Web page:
Vernacular Precedent
Structural Systems
Rising Tides and Urban Tears: The Cannery Row Cultural Center

Rising Tides and Urban Tears: The Cannery Row Cultural Center

Transforming Monterey's Waterfront Architecture to Mend the Urban Fabric and Engage Rising Sea Levels

Bachelor of Architecture Thesis Project

Philip Ra, AIA
Ethen Wood
Mini Chu
B.Arch Professionalism Award

Cannery Row was once a complex mesh of intersecting cultures, artistic expressions, and social interactions.There was a strong interconnected culture of art, food, music, and history.But slowly over time, family-owned restaurants, art galleries, and the local culinary school were bought up and pushed out of the Cannery Row district, replaced by tourist centered shops and programs.

The cultural identity of the Cannery Row has been eroded; the interconnected local fabric has unraveled. And this phenomenon is the most evident at the site that has laid barren since the collapse of the canneries. It stands as the ultimate tear in the once vibrantly woven urban fabric. Now, it is time for the gap in the row to be restitched.

Through implementing the methodology of mending fishing nets, the proposed Cannery Row Cultural Center acts as an additional strand of fabric that uses site axes and anchors to re-stitch the gap in the urban fabric through geometric connections, an ecosystem of programmatic relationships, and overlapping user groups interactions.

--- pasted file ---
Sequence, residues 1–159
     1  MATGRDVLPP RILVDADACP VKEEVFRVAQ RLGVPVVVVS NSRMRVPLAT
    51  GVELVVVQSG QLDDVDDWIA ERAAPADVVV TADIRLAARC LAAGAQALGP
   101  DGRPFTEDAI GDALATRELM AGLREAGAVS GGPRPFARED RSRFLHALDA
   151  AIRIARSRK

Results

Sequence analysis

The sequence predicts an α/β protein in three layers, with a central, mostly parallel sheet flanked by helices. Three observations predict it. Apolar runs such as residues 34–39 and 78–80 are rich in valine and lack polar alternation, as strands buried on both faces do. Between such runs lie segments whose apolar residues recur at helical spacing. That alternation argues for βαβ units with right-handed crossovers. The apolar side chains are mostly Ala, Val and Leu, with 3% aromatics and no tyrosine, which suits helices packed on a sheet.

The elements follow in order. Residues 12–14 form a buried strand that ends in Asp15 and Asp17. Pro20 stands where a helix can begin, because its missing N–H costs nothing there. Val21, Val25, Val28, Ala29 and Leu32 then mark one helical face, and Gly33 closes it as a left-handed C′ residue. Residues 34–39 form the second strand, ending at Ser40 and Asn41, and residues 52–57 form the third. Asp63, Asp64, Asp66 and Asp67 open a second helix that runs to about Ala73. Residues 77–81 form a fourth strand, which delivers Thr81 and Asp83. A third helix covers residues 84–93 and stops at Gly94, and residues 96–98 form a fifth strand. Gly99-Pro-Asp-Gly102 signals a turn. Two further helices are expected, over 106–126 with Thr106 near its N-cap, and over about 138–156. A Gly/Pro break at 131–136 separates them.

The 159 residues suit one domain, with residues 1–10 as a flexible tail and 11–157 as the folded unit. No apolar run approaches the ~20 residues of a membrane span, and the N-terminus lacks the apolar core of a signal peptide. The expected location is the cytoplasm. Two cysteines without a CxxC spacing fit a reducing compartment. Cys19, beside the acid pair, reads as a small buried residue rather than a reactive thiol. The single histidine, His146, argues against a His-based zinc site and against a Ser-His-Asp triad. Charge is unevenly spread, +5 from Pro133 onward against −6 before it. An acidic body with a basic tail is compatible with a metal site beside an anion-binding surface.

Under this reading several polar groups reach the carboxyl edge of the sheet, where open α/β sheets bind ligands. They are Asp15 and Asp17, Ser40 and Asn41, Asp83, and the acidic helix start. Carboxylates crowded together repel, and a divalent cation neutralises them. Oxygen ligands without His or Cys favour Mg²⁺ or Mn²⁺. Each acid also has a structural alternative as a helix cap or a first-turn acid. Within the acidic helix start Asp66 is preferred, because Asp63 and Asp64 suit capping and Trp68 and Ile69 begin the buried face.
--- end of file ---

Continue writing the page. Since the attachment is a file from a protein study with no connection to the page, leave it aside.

The Cannery Row Cultural Center weaves a vibrant compilation of culturally and socially important programs and institutions, while retaining the industrial aesthetic of the original canneries and nearby aquarium. Through the addition of a new location for the Monterey Museum of Art and a newly envisioned Cannery Row Concert Hall, the design begins to stitch a cultural foundation over the existing unkempt parking lot.

This foundation gives validity for the dramatic mending gesture of the “cross-stitch,” which bridges over Cannery Row and dives down to engage the ocean. The “cross-stitch” includes a Culinary Arts School, Public Tasting Room, and re-establishes a new wharf marketplace of artisan goods and shops over the historical footprint of the pier that once served the canneries.

The proposed architectural intervention works to mend the gap in the row, bolster the daily lives of local residents, and sets a precedent for how our coastal architecture can engage and adapt in the face of rising sea levels.

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